Are religious organizations experiencing a sharp decrease in contributions due to the economic climate? Anecdotal evidence might support such a conclusion. Some congregations are reducing staff; the Crystal Cathedral (California) reported a 27 percent drop in revenue in 2009 and some surveys indicate lower levels of support on the part of many Americans.
A headline from last week's Wall Street Journal would seem to support such a perspective: Donations Slip Amid Anxiety. Citing a study by The Giving USA Foundation, the Journal reported that contributions slipped $3.6 percent in 2009.
But as one read further into the article it was revealed that contributions to churches only "dropped by about one percent," in comparison with drops to education, arts, and foundations ranging from 3.6 percent to 8 percent.
Curious about the report, I found it online at the Center on Philanthropy at Indiana University. That report contains two important figures that the Wall Street Journal left unreported:
(1) In 2009, individual giving to charity only fell 0.4 percent below 2008 levels, and that O.4 percent equaled a 0 percent reduction when inflation was taken into account! In spite of times still gloomy in many areas of the nation, Americans remain incredibly generous.
(2) In 2009, receipts for religious organizations were, in fact, only 0.7 percent lower than 2008 or only 0.3 percent lower when adjusted for inflation. I hate to quibble with the Journal, but there's a huge difference between an "almost one percent" decrease and an inflation adjusted figure of 0.3 percent.
These are facts worth celebrating. In spite of the gloomy economic news, the average religious institution, when the figures are adjusted for inflation, received 99.7 percent as much income in 2009 as it received in 2008. That would have been the headline I'd have liked to see in the Wall Street Journal. Certainly individual congregations have suffered to a far greater degree, just as other congregations are thriving even in the midst of the downturn. On the whole, the Center for Philanthropy reflects a robust snapshot of church giving.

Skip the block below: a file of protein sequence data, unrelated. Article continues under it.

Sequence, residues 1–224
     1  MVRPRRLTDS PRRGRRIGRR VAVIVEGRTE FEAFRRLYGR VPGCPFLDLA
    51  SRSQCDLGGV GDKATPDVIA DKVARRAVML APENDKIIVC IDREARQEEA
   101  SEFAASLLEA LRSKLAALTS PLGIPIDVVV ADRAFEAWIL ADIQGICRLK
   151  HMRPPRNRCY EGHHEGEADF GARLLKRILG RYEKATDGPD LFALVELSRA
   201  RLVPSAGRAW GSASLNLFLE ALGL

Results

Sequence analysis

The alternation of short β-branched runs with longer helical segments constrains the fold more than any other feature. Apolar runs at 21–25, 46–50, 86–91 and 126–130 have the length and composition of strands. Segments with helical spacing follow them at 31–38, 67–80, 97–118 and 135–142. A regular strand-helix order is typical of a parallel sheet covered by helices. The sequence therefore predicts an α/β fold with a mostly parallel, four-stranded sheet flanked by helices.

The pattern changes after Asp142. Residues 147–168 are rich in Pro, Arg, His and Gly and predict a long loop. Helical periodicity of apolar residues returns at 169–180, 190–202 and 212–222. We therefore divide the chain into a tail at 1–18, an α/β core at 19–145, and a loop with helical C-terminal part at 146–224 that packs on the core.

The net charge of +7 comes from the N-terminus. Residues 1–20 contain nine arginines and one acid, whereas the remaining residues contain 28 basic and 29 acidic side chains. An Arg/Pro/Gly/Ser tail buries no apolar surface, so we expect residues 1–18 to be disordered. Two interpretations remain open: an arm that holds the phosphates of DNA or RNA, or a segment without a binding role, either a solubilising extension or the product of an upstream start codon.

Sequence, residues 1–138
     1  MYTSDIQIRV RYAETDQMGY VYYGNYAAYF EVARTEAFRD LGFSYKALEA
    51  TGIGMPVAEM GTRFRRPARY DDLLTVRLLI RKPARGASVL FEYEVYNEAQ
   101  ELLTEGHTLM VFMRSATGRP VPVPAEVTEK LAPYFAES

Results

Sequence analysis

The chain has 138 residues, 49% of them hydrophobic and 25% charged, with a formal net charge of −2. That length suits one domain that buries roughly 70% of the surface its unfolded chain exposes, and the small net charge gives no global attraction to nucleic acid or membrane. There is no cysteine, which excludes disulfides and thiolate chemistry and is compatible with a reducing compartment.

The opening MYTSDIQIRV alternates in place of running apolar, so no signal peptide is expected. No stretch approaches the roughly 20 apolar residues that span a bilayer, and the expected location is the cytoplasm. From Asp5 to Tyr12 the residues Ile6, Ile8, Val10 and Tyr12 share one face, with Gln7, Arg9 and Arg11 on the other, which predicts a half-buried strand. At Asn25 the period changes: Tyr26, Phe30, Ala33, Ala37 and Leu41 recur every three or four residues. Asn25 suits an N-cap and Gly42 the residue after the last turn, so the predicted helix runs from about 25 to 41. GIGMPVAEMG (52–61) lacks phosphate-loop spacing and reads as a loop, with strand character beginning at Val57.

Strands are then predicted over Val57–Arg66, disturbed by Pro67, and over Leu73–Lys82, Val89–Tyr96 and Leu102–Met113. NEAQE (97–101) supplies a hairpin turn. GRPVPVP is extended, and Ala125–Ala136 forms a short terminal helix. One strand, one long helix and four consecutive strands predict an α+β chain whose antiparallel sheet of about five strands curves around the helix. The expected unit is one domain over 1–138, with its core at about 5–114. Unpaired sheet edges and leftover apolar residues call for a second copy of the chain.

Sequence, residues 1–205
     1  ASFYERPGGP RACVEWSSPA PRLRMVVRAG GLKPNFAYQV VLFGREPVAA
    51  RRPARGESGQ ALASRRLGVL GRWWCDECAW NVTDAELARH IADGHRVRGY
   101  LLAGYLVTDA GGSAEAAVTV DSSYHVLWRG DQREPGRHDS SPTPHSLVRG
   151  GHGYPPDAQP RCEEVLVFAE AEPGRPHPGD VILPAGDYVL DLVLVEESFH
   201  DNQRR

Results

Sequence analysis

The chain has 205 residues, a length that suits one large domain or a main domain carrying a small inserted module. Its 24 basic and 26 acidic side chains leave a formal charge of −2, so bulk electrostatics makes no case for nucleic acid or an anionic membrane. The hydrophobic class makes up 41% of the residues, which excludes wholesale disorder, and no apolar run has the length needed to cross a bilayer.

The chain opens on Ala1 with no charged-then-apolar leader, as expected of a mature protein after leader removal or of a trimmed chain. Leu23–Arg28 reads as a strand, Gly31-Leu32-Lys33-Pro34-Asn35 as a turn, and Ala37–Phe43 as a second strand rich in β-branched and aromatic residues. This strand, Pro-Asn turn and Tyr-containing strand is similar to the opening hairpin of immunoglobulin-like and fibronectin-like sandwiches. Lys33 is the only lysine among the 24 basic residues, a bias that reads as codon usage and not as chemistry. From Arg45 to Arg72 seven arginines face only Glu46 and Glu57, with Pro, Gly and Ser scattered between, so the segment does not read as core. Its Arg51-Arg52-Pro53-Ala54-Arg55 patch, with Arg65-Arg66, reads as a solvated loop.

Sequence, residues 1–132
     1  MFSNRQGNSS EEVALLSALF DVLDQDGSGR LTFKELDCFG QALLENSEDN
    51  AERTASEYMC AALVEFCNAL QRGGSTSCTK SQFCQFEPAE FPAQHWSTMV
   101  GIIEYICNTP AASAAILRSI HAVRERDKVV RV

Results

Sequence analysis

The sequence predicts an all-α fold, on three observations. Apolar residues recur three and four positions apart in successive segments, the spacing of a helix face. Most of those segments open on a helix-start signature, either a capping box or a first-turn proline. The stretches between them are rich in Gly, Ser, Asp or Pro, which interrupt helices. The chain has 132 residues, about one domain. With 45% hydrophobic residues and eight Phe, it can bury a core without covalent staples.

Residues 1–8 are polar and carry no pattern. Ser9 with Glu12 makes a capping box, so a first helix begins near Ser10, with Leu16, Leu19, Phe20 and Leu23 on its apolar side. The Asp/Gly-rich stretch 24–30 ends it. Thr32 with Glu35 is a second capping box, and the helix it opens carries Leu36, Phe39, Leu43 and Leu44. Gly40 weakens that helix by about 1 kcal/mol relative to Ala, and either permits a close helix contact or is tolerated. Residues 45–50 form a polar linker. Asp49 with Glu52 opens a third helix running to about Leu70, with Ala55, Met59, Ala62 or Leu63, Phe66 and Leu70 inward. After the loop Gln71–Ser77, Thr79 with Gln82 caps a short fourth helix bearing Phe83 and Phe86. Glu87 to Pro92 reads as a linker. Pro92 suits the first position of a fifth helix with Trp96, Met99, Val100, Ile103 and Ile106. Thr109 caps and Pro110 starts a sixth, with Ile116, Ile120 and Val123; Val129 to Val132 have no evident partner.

Americans are simply incredibly generous. Much was made of the fact, that a few years ago we opened our pocketbooks in the face of Hurricane Katrina and gave $6 billion to alleviate that suffering. Yes, $6 billion is a huge amount, spontaneously given.
But try to wrap your arms around this: Americans give $6 billion every single week to charity! The religious institutions, museums, schools, cultural organizations and foundations in the United States receive $6 billion dollars week after week after week. That amounts to $300 billion annually, and by far the largest single slice of that pie is going to individual congregations. Even though contributions were down by 3.6 percent overall in 2009, that still amounted to $303.75 billion.
Religious organizations will need to continue to plan carefully in these times. But lest people grow overly concerned about the financial health and potential of their synagogue, mosque or church, the best available figures indicate a pattern of generosity remains strong and vital.
Contact the Rev. Creede Hinshaw at Wesley Monumental United Methodist Church in Savannah at firstname.lastname@example.org.